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Color gel




  A color gel or color filter (UK colour gel or colour filter), or a lighting gel or simply gel, is a transparent colored material that is used in theatre, event production, photography, videography and cinematography to color light and for color correction. Modern gels are thin sheets of polycarbonate or polyester, placed in front of a lighting fixture in the path of the beam.

Additional recommended knowledge

Gels have a limited life, especially in saturated colors. The color will fade or even melt, depending upon the energy absorption of the color, and the sheet will have to be replaced. In permanent installations and some theatrical uses, colored glass filters or dichroic filters are being used. The main drawbacks are additional expense and a more limited selection.

History

In Shakesperean theatre, red wine was used, in a glass container ,as a colorant in lighting. In later days, colored water or silk was used to color light in the theatre. Later, gelatin became the material of choice. More heat-tolerant self-extinguishing acetate-based materials (marketed as Geltran, Cinemoid and Roscolene) were developed to deal with higher output light sources. This material fell out of favour, since it could not withstand the higher temperatures produced by the tungsten halogen lamps that came into widespread use in the late 1960s. The name gel however has continued to be used to the present day. Even today's gels can burn out (to lighten in color starting in the center) easily, rendering them useless. To help combat this, a high temperature (HT) gel can be used to help prolong the life in high-heat output lighting instruments. As instrument design improves, it has become a selling point on many lights to have as little heat radiating from the front of the fixture is possible to help prevent burn-through, and help keep the stage and actors cooler during performances.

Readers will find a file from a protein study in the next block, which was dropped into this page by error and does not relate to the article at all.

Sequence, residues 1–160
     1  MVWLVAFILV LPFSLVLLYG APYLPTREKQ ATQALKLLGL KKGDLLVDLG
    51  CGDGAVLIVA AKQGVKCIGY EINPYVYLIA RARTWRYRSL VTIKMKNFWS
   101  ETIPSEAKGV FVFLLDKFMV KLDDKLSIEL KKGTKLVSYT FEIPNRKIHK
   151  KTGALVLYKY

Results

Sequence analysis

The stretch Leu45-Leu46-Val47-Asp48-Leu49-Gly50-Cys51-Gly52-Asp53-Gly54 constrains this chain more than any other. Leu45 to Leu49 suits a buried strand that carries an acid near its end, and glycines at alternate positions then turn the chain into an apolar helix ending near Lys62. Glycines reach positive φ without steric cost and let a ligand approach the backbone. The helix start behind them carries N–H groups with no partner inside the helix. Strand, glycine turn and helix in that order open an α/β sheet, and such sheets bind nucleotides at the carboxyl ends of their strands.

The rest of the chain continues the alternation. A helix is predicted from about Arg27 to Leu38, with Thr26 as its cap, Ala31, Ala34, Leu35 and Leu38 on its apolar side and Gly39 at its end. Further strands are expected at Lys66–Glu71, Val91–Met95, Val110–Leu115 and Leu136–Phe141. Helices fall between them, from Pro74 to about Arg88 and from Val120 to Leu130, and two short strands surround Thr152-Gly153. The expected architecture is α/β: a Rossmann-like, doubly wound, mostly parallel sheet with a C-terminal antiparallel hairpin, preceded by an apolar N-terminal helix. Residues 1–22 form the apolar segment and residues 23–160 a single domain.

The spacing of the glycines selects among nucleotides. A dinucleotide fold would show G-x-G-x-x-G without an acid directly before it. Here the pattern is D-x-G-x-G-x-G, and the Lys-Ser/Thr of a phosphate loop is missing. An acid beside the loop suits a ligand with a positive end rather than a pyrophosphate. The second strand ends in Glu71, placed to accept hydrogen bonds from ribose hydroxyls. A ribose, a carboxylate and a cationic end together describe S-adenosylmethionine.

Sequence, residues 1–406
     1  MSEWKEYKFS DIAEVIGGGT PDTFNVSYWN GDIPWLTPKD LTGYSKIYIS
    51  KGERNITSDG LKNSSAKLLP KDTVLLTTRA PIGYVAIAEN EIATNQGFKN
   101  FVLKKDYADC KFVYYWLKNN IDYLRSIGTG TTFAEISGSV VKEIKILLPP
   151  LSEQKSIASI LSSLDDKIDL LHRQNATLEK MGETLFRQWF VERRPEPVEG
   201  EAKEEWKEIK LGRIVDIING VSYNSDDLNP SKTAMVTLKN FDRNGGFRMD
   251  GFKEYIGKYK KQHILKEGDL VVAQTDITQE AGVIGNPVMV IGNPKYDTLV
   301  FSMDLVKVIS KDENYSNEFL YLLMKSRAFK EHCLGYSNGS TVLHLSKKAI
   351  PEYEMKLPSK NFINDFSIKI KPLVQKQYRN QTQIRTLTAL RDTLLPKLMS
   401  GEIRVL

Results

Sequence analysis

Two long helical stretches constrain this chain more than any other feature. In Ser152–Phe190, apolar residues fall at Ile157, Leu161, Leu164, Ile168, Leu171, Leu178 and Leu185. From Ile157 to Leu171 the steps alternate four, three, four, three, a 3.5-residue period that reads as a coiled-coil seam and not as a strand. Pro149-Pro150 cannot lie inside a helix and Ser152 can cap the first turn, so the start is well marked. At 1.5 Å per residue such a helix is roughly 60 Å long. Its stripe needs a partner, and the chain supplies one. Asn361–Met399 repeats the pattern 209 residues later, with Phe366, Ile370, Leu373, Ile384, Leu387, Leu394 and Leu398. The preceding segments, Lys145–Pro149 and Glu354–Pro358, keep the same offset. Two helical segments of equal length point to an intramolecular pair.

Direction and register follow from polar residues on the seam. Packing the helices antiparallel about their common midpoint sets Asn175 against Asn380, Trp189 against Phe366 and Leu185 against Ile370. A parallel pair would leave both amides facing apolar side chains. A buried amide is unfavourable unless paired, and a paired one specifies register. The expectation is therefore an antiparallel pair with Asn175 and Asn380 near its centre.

Gels are typically available in single 20×24-inch (500×600 mm) sheets cut from rolls 24" or 48" (600 mm or 1200 mm) wide and 50' (16 m) long, which are then cut down to the appropriate size before use. The size originates from the gelatin days: it is the same as a standard baker's sheet, which was used to cast the sheets.

Colors

Similar colors may vary between different companies' formulations - for example, many have a color named "bastard amber", but the transmitted color spectrum may be different. For this reason, gel colors are not referred to by name, but instead by a code consisting of a letter and number combination. For example, G841 is a dark blue made by Great American Market (GAM), and R02 is a light amber made by Rosco and L216 is a diffusion filter made by Lee Filters.

Manufacturers produce swatch books, which contain a small piece of each color available, adjacent to its color code, to simplify ordering. Swatch books enable designers and technicians to have a true representation of the manufacturers' range of color.

Most designers chose a color palette of 15-30 colors that they like and use for generic applications because it is financially and logistically difficult to have access to all colors for a single show.

There are also gels for color correction, such as CTB and CTO, which alter or correct the color temperature to be higher with a light blue, or lower with a light orange, respectively. A "half" CTB or CTO is very light, for minor corrections.

"ND" is a neutral-density grey, meaning it affects all colors evenly and reduces the light intensity neutrally with respect to wavelength.

Most ranges of gels also include non-colored media, such as a variety of diffusion and directional "silk" materials to produce special lighting effects. "Opal" for example is an opalescent or translucent diffusion filter.

It is common for a gel manufacturer to publish the transmission percentage (amount of light that is not absorbed) or even the transmission curve in the swatch book and catalogs. A low transmission gel will produce relatively little light on stage, but will cast a much more distinct color than a high transmission gel.

Trivia

Occasionally, as a hazing for new lighting technicians (usually for those who have never worked with such lighting), an old gelatin color gel can be given to an apprentice to clean (sometimes to be told that it is the only bottle they have and must be careful). They are told to wash the gel with water, only to have the old gelatin sheet dissolve in their hands much to the inside entertainment of their colleagues upon their return.

 
This article is licensed under the GNU Free Documentation License. It uses material from the Wikipedia article "Color_gel". A list of authors is available in Wikipedia.
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